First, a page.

Monoprinting

Monoprinting is a form of printing that has images or lines that can only be reproduced once.  The fleeting image must be printed before the ink dries.  A reverse image is produced.  The smoother the paper or fabric the sharper the image. 

We used acrylic paint mixed 50%/50% with medium to stop the paint drying out.  The ink can dry out too, but adding a couple of drops of washing up liquid can help to prevent this.  Acrylic ink can also be used, Art Van Go are suppliers. If you use it on fabric it may not be fast. Kor-i-nor dye is not fast on fabric. You can also obtain Kor-in-nor paint.  An interesting effect arises when you use the two and apply bleach.  The dye will be removed but the paint won’t.  

Sue demonstrated several methods of monoprinting.

1. She put blobs of paint between 2 sheets of acrylic and twisted.   This mixed the paint, she then pulled the plates apart carefully and  made a print by gently pressing paper and fabric onto the plates.  Excess pressure will destroy the pattern.  Glass can be used as a plate but should be bound with masking tape for safety.

2. Next she took a sheet of acrylic and applied some printing ink onto it.   She then used the roller to print moving away from her.  The plate was prepared again with paint and then marked by “drawing” (any mark making tool can be used) and a print was taken.  This needs to be done carefully and gently to avoid smudging and blurring the image.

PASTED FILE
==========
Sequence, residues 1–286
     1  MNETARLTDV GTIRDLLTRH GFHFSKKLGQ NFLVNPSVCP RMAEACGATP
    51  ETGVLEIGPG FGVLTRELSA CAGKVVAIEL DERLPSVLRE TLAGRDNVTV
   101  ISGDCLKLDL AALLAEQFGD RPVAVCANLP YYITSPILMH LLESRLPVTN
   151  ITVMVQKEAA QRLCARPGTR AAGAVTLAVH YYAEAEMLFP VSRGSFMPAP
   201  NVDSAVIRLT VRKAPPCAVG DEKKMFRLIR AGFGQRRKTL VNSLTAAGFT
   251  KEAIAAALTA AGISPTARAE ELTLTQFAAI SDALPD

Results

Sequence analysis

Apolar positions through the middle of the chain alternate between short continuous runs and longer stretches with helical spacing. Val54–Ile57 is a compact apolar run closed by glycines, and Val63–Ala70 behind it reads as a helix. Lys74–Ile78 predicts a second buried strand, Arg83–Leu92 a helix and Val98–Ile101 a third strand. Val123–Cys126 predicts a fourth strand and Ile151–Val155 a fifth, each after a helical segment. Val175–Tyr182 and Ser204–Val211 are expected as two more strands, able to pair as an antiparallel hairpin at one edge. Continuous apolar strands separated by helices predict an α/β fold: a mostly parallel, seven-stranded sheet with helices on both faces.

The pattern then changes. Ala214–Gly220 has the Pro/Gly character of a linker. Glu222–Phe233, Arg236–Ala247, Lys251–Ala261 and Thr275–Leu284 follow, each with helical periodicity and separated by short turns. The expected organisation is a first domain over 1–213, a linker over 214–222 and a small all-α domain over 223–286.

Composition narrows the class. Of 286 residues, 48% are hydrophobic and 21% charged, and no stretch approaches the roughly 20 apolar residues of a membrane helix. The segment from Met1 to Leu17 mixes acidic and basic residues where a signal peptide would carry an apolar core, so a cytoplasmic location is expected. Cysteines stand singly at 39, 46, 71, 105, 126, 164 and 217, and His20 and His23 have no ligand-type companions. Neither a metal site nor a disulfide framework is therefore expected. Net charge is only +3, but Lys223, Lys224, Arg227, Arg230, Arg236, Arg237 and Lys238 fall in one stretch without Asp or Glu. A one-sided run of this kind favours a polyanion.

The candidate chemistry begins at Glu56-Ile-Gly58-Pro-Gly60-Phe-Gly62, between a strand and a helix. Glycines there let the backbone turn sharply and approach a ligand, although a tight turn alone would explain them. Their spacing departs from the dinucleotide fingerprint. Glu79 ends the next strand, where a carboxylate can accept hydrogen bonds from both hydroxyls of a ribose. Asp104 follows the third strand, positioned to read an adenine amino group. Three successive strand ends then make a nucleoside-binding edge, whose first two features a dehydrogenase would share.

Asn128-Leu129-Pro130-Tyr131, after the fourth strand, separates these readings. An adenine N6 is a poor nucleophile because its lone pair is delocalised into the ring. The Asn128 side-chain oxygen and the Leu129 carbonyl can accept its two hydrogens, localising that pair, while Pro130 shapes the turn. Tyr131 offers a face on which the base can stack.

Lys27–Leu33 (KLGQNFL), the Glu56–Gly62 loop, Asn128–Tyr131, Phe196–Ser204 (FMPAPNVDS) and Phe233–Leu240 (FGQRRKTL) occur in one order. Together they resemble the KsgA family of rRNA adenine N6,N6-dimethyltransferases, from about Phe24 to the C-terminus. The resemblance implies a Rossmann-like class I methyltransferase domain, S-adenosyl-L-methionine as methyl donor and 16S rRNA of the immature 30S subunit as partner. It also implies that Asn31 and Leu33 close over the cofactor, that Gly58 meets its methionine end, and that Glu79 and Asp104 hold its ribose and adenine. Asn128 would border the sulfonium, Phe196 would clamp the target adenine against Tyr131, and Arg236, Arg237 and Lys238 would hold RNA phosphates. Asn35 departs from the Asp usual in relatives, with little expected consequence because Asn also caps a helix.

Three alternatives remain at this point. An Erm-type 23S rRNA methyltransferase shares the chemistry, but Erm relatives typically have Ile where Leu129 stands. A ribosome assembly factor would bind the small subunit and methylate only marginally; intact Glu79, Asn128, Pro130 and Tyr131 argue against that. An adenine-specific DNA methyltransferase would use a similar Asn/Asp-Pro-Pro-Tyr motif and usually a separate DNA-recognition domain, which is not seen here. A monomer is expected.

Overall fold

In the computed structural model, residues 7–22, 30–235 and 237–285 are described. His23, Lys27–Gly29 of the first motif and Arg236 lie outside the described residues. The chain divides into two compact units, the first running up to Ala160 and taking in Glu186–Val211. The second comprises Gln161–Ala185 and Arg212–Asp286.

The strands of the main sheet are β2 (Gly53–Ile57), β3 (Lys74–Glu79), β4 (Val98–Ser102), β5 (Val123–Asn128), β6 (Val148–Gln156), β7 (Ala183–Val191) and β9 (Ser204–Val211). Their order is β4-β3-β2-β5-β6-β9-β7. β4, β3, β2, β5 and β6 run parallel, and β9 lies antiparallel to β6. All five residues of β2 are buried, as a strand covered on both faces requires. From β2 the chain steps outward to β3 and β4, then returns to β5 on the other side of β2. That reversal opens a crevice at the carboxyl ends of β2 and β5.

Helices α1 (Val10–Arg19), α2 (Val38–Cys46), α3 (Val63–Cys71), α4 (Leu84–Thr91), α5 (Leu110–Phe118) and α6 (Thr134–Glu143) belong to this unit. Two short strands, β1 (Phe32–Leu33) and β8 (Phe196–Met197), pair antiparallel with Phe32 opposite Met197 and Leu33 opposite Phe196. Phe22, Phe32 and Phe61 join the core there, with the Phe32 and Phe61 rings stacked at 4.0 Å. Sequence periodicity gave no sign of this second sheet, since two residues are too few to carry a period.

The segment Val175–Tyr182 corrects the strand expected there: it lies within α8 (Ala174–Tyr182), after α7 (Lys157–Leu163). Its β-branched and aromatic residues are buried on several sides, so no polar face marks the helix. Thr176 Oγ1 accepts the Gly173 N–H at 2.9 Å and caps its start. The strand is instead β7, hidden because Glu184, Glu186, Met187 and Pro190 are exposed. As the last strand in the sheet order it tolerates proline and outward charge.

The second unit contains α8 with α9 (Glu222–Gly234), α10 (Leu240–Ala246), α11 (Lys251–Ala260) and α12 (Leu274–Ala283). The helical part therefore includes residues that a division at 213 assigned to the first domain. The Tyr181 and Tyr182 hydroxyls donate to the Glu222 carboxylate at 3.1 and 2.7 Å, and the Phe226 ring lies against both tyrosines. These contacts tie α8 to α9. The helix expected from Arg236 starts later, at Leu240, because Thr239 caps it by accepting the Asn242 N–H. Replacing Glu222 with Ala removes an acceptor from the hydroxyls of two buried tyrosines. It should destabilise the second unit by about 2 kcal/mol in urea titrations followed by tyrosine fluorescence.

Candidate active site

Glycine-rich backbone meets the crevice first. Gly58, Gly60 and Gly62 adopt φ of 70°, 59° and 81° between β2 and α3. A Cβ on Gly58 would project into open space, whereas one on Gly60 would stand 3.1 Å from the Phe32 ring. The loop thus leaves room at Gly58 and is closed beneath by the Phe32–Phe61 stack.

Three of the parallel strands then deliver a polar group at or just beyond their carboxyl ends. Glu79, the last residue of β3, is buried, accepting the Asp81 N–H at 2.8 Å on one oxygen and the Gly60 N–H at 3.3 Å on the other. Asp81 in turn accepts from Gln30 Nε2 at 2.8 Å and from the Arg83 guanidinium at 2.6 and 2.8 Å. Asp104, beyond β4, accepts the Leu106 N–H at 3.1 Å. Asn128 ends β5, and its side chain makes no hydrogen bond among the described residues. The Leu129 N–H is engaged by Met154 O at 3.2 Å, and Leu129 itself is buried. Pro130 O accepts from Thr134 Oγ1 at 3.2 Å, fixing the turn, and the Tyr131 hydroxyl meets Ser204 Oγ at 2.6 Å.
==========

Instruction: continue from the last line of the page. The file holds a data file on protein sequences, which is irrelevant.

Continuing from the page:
3. Another method is to prepare the plate with paint or ink as smoothly as possible put fabric or paper down and then “draw” with any mark making tool.  Take a print and then leave to dry.

4. Draw onto plate (image will come out backwards).  You can have a drawing to trace underneath if you use an acrylic/glass transparent sheet.   I “drew” with a roller and took a print onto fabric as you can see below.  I roller printed onto very thin paper and each time the print got fainter as the paint was used up.

One can monoprint on any shape, can also change the ground, pleat the paper and cut out shapes.   Also you can glue tiles to MDF, plate up with paint or ink and create a background by taking a print.  Other variations include placing plant material or other flat objects onto the plate and taking a print.

There is a spontaneity and freedom in this method of printing which I think gives it a liveliness.  It is the most akin to painting in that respect. I have used it extensively in the past and favour it as a method because of this.  I am particularly drawn to using it on fabric because you can create a printed surface that is completely individual and achieve a painterly effect relatively quickly.  One can plan to print just what is needed and therefore you only need to print specifically what is required for that project so there is little wastage.

One disadvantage is that the paint can make the fabric harder to sew.  That is not so true of the dyes, but I like the colours and effects you can get mixing the paints.

The Encyclopedia of Printmaking techniques by Judy Martins  www.searchpress.com

Designing and Printing Textiles by June Fish  www.crowood.com

 

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